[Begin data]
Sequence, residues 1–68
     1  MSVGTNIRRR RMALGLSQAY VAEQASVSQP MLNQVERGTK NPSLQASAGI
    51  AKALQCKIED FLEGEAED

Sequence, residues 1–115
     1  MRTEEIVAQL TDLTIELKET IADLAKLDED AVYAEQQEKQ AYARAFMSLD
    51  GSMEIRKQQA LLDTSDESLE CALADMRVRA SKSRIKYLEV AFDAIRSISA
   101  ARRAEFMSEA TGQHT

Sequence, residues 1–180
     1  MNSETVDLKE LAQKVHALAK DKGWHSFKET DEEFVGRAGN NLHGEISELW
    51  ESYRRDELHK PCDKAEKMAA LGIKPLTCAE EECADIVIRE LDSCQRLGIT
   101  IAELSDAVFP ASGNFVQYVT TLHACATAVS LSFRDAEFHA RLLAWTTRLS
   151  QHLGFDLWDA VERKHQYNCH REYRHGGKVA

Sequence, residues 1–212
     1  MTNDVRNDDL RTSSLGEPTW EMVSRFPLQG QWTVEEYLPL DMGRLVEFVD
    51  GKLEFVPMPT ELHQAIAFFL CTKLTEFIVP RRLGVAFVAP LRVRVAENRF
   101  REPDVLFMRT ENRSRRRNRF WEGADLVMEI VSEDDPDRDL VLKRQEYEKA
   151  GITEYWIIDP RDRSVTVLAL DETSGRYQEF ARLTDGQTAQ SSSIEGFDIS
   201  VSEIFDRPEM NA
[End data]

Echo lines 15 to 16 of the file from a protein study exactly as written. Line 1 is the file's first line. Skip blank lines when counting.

    51  GKLEFVPMPT ELHQAIAFFL CTKLTEFIVP RRLGVAFVAP LRVRVAENRF
   101  REPDVLFMRT ENRSRRRNRF WEGADLVMEI VSEDDPDRDL VLKRQEYEKA